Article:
This past Sunday, the Marine Unit that I was embedded with in November of last year in Fallujah, Alpha Company 1/24, returned home to the Midwest. An overwhelming crowd of 6000 people met them at the DeltaPlex Center in Grand Rapids, Michigan. Friends, family and patriotic Americans turned out to show their appreciation for the Marines. I was not able to attend the homecoming, but got this description from their Commanding Officer Major Dan Whisnant:
It was way beyond what any of us would have expected! The procession of vehicles and motorcycles was over 6 miles long when we left the airport for the DeltaPlex! Just simply amazing!
Their unit like so many others exemplify the very best of what our nation has to offer. I have written on numerous occasions here of their courage, determination and accomplishments. And it would take far too long to list them all here now – not to mention the countless acts of bravery and self-sacrifice that have occurred in the months since I left them.
I’ve been thinking of them the last few days as I long to see many of them again to thank them in person and see how they are doing. It cannot be easy to return at time when the nation, or at least Washington, is so divided over the issue of the war in Iraq.
One need only look at today’s news to see how great the divide has become.
First, the major news is that we may or may not have stood up Sunni tribal leaders to take down the Al Qaeda leader in Iraq – Abu Ayyub Al-Masri. Second, it is the fourth anniversary of President Bush’s “Mission Accomplished” speech on an aircraft carrier. Few Democrats in Washington failed to take the opportunity to highlight that publicity blunder given the current state of security in Iraq. And third, the news by the end of the day appears to be a veto by the President of the Democrats’ Iraq supplemental bill which effectively would initiate the first steps in ending the war by setting a timeline for withdrawal.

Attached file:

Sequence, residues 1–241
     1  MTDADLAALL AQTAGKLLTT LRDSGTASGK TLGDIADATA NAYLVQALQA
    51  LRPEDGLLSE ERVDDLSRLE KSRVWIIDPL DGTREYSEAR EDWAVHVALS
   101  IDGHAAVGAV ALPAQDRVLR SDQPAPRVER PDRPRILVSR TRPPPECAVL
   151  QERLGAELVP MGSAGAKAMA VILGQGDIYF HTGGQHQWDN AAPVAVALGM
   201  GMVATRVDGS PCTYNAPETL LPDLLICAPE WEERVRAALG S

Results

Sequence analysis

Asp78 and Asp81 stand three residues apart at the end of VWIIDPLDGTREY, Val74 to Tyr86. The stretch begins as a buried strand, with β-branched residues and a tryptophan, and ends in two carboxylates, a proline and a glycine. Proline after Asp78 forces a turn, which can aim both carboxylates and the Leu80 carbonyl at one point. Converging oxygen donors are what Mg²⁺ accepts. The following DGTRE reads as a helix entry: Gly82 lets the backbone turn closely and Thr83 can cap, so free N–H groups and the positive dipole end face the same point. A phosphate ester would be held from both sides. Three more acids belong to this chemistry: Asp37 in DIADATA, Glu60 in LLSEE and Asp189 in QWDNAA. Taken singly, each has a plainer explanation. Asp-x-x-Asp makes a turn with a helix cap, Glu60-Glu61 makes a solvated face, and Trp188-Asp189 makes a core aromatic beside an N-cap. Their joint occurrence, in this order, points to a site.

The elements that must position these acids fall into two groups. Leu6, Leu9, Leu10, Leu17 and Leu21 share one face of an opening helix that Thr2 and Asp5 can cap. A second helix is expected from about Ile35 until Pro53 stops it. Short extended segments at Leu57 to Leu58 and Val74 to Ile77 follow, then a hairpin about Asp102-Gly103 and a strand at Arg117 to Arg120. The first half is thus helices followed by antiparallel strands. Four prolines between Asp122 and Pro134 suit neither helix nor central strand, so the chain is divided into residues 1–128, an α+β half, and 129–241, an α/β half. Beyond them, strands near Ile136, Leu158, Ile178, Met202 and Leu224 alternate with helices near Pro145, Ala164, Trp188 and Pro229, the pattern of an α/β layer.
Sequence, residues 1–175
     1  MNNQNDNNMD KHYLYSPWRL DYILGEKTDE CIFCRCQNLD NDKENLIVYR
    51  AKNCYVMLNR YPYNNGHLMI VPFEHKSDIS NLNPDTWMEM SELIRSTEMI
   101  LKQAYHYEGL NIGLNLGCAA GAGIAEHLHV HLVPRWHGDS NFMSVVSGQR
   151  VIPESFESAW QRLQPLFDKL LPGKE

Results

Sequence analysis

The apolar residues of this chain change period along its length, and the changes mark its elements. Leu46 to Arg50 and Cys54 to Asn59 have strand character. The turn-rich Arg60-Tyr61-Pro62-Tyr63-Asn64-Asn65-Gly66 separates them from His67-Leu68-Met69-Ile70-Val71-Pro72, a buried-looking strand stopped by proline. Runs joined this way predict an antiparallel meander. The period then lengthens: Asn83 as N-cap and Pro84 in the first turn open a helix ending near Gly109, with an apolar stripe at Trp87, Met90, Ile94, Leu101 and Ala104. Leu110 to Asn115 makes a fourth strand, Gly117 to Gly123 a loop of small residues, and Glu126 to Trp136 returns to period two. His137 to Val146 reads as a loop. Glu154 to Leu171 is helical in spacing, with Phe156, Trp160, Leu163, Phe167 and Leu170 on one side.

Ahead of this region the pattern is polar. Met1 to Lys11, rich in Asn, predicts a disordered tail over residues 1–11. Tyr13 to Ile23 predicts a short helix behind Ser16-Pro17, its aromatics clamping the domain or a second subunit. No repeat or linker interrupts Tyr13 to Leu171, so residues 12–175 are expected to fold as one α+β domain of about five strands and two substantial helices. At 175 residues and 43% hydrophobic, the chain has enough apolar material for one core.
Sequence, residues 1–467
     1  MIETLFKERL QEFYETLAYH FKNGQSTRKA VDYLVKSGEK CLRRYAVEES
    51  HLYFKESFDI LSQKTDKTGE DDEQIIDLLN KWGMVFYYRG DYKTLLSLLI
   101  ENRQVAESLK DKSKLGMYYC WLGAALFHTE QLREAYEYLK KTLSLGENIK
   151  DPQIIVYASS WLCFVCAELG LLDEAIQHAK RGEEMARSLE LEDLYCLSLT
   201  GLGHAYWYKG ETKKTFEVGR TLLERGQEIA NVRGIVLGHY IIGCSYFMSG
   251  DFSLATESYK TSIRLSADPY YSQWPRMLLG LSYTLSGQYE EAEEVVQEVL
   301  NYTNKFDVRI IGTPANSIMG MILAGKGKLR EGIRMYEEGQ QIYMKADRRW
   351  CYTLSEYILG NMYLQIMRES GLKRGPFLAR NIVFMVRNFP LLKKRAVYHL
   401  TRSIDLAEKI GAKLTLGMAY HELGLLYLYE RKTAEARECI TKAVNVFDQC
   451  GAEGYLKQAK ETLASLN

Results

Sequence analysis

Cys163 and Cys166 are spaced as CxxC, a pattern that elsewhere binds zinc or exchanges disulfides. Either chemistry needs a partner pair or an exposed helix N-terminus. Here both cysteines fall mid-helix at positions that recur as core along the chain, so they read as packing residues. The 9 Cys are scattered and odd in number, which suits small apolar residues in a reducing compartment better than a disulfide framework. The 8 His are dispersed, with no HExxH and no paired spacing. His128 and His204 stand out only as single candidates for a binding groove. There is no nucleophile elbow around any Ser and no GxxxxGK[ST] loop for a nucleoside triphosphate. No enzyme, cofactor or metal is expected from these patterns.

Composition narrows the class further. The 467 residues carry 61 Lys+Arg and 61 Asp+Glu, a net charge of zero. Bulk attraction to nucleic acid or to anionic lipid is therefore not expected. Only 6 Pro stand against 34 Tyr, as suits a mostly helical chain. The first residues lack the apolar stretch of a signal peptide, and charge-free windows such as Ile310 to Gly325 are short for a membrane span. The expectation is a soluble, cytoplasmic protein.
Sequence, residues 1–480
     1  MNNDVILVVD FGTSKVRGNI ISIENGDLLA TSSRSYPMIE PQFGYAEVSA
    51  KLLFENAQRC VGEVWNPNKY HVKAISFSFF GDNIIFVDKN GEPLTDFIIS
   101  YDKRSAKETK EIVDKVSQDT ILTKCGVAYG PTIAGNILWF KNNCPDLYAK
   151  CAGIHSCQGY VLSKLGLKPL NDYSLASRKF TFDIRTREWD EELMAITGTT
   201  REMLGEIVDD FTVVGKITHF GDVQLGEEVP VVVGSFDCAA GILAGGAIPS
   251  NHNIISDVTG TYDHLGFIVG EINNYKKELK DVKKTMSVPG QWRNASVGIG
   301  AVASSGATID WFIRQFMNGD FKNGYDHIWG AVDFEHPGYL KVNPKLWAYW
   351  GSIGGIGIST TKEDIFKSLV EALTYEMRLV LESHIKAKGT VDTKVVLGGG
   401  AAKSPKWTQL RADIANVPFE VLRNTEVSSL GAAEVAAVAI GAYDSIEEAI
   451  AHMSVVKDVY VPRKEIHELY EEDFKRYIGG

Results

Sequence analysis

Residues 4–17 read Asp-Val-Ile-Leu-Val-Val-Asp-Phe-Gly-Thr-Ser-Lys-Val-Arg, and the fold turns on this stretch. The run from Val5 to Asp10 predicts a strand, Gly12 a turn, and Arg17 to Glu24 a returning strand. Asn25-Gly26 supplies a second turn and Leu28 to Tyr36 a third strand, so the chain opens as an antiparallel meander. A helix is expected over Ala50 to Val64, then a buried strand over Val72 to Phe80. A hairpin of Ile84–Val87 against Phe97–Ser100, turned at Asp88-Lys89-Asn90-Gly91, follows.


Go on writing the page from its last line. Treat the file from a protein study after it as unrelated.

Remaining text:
In the war of words, compare the audio caught on C-SPAN of Sen. Joe Biden at a campaign stop in SC telling people that he intends to “shove it (the Iraq bill) down his (Bush’s) throat,” with an Op-Ed in the NYT by a Reserve Marine Major Owen West who writes, “It’s time for those who are against the war in Iraq to consider the probable consequences of withdrawal.”
Maj West also writes, “It’s hard for a soldier like me to reconcile a political jab like Sen. Harry Reid’s ‘this war is lost, and this surge is not accomplishing anything’ when it’s made in front of a banner that reads ‘Support Our Troops.’”
Major West served in the Anbar province from where the men and women of Alpha Company 1/24 have just returned. And I am sure that they have their own opinions of what they think about a possible withdrawal and what effect it would have on the situation there. I suspect too that some may be disheartened to see the fruits of their hard work and sacrifice so quickly jeopardized by uncertainty if a withdrawal is to begin soon.
I read today that three WWII Veterans in Colorado were boarding a flight to Normandy to return to the scene when they had stormed the beaches. Europe is, of course, a flourishing democracy today, and I imagine for these aging warriors it may be their last opportunity for closure. I imagine too that for them it will be a very emotional moment and a reflective time of pride – and loss.
I hope that unlike the recent comparisons to Vietnam, the end result of the war in Iraq will someday be compared to WWII. And the Middle East will be a region of peace, stability and freedom. But the history books are still being written as we are living in interesting and dangerous times.
Regardless, I hope that we will always look with great admiration to the many brave soldiers, sailors, airmen, guardsmen and marines like the men of Alpha Company 1/24 – and say “thank you for your service.” Undoubtedly, were it not for them, we would have little hope for securing our nation’s future.
Welcome Home, Alpha Company.